I actually have my own theory about it. I think it’s about isolation. Because Norway is geographically isolated, but also in Norway we are isolated from each other: there are a lot of small villages, communities; many people spend a lot of time on their own. And if one does – it’s easier to come up with smth. unique, smth. never heard before. In the 80th and early 90th before internet and technologies were that spread we were kind of isolated. Back then buying a record was a big thing, while today people have millions of songs on spotify. But BM musicians back then had to take inspiration from within, but not from the external sources.

MH: While working with people from different countries and of different cultures did you find any difference between black metal followers in Norway and the ones from the other countries especially from the so-called “closed” ones?


CF:
Oh yeah, very much! There’s a world of difference. And this difference is also a very important part of the film, because I think that it’s interesting how the same music is interpreted very differently.  In Latin America, for example, they have more religious approach to BM and this is I think because of the fact they live in a religious society. Some other BM fans are leaning more towards politics, while other BM fans are more interested in pagan approach. I would even say that BM cultures are very different in different parts of the world. In Norway BM has become smth. normal: smth. people accept and like, it’s not controversial or scary anymore. And BM legends are more or less as any other celebrity in Norway. You see them on Last week’s Friday night talk show – the one that my mother worships every Friday night including Necrobutcher from Mayhem, he was the main guest. And here’s my mother and father eating pizza and listening to Necrobutcher talk. That’s how normal it became in Norway, while in Iran they can put you in jail for listening to Mayhem.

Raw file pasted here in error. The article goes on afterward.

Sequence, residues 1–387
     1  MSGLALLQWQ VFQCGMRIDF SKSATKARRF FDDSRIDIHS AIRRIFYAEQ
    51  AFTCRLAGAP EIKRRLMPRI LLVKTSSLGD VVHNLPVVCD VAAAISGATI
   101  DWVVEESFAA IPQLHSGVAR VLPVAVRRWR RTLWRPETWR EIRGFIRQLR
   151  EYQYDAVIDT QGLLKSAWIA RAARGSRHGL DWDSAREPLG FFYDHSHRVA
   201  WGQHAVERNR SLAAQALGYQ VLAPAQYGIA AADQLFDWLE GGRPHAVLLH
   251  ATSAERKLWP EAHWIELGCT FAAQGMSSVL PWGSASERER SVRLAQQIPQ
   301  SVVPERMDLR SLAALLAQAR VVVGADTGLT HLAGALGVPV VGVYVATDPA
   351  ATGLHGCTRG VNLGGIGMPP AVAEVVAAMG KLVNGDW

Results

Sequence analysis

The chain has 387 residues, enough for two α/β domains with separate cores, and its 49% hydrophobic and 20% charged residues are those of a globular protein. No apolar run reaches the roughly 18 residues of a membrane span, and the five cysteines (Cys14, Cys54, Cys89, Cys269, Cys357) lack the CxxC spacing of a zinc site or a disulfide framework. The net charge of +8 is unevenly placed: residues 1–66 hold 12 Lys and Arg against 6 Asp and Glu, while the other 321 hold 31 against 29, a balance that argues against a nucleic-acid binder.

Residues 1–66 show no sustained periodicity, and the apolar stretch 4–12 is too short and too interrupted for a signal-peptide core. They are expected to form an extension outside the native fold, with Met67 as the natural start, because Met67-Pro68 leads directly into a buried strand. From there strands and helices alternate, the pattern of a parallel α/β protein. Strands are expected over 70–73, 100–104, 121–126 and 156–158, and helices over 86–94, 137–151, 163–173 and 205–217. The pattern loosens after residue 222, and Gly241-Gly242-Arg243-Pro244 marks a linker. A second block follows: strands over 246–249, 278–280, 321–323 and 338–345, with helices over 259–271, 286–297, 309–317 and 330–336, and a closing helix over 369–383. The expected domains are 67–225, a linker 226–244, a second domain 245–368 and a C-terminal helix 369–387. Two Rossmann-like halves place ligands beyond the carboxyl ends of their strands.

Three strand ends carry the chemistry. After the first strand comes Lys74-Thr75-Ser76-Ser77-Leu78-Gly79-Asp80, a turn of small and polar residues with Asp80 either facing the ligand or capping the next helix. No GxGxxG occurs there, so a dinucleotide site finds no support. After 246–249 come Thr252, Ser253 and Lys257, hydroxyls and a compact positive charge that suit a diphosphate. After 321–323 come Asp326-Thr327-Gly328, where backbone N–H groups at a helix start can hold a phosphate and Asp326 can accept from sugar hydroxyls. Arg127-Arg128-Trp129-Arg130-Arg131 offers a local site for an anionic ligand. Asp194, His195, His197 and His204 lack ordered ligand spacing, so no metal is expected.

MH: Would be cool if my parents would eat pizza listening to BM…


CF:
 (laughs) You should try it!

MH: I once did when I was younger…


CF:
Didn’t work out?

MH: Not at all!
(both laugh)
I do love the moment in the official trailer when the guy stands in the forest, looks around and says with a serious face that in places like this one can get easy inspiration for amazing music, while suddenly someone’s phone rings and one hears a fun melody, so he goes away and adds: not like this but… How frequent were such fun moments?

CF:
Yeah, we have several moments like that!

MH: They are included?


CF:
Yes. You know, BM people are funny! We’re all just normal people in the end: we say silly stuff, we do silly stuff, there’s a lot of humour. So I didn’t want to make a film with candles and red wine and drinking blood. I wanted to show things the way they are because I had a lot of fun.
After the ritual
MH: Do you plan or maybe already arranged any kind of closed premiere?

CF:
Yeah, we have already had several screenings all around the world: at festivals, cinemas and special events.  We’ve been doing it for a year already…


MH:
And on April 11 it will be streamed online?


CF:
Yes!


MH: Where can we finally watch it?

CF:
I think on Itunes, amazon, youtube and stuff like this. I’m not sure because we work with a distribution company in the US.


MH:
So I guess we just should follow your official website?


CF:
Yes, but we’re more active on facebook.


MH:
How do you think, was it worth selling a part of your soul in the end?


CF:
Absolutely! Since you gave me a wonderful idea of buying my soul back. (laughs) But that’s what it feels like and I don’t regret it, if I had two souls I would do it again.



Follow the updates on the official Facebook page

Interviewed:
Gella Inspired
Photos are provided by Christian Falch